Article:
Lift and Shift – Directions US 2016 Recap

Directions US 2016, which was held at the Sheraton Wild Horse Pass Resort in Chandler, AZ, was another very successful event in my opinion. Beside the fact that the resort is just a couple of hours down the mountain from my hometown of Flagstaff (so that is an awesome drive with the top down), this year’s program provided a wealth of great content.

Since Microsoft restructured their event rotation, it’s become more difficult for partners to get good content. Envision (which was supposed to be the replacement for Convergence) did not provide any Dynamics-specific content at all (read my thoughts on that here), and the Directions committee has done a fantastic job to step up their game this year. Whether you were looking for marketing content, project management, functionality, or deep technical information, there was an extremely rich variety of sessions to choose from.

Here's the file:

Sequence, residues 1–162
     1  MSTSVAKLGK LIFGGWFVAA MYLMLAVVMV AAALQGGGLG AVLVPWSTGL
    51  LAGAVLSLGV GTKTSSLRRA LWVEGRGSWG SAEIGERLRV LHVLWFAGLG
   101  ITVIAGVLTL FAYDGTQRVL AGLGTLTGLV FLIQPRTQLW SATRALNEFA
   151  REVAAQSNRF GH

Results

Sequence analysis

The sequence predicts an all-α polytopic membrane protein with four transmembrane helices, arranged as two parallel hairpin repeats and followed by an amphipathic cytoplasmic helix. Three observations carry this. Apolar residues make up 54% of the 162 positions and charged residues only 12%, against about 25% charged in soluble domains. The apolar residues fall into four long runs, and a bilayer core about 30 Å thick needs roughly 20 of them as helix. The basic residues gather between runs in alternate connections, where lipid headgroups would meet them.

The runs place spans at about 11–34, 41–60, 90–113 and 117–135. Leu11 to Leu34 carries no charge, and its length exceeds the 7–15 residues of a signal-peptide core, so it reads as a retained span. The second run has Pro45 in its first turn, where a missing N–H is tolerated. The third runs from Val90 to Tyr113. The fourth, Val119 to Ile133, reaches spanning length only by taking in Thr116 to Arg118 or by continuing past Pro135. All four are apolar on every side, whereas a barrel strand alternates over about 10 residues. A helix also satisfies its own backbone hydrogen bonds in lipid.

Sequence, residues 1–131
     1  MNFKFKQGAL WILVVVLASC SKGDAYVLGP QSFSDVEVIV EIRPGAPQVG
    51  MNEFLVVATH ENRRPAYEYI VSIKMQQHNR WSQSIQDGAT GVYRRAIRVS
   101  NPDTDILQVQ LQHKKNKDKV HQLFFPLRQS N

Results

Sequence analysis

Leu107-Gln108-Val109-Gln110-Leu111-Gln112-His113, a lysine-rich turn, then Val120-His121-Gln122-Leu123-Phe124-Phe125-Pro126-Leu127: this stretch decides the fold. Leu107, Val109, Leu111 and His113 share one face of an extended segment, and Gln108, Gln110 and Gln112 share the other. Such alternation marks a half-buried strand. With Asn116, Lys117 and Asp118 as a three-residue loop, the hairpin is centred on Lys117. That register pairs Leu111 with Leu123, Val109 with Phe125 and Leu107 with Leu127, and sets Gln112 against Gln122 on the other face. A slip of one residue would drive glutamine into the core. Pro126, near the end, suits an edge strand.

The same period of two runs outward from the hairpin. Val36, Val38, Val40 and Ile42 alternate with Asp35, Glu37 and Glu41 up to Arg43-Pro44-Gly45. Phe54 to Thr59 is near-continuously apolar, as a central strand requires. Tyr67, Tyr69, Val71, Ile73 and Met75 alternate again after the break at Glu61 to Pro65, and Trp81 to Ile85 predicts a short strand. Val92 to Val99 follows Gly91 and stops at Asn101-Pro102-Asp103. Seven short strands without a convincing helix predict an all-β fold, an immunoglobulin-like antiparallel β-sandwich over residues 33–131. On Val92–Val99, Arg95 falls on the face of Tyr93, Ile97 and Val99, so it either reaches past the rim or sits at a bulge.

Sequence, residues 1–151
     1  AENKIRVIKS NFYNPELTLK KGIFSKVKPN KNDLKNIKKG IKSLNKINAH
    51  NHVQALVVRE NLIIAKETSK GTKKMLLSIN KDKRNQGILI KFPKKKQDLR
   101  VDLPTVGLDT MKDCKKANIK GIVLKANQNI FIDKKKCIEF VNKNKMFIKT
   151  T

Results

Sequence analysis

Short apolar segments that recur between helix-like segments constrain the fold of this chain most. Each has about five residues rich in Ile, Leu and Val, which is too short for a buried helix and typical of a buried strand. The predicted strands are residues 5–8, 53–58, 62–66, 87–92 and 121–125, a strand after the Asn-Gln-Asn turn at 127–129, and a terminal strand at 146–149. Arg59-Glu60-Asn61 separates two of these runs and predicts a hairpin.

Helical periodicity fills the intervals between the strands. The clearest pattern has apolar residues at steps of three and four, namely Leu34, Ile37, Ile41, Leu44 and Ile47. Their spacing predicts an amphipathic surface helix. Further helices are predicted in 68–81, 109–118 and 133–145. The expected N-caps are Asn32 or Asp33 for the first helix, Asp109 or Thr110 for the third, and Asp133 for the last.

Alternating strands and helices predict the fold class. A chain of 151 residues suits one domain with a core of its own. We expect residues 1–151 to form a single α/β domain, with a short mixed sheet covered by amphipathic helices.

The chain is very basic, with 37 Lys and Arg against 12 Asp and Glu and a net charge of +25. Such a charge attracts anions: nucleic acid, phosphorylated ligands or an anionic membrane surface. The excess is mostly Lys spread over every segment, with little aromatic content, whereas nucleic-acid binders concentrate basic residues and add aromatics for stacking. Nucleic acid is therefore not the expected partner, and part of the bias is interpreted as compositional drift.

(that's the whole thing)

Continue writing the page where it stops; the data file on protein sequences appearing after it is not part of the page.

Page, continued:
The most important message this year was Dynamics NAV 2017 AND Dynamics 365 (notice the emphasis on the word “and”). Ever since Microsoft started their ‘Cloud first, Mobile first’ campaign, there has been a fear that this would come at a cost to the on premise business, which is the bread and butter of the majority of the NAV channel. Paul White came on stage and announced their commitment to the “AND strategy”. Yes, Dynamics 365 is the next big thing. Yes, on prem is still essential to Microsoft’s NAV strategy. If you follow my Twitter feed from the one above here, you’ll see pictures that I took from the keynote. It was good to get Microsoft’s commitment to making sure that cloud and on prem will BOTH be served.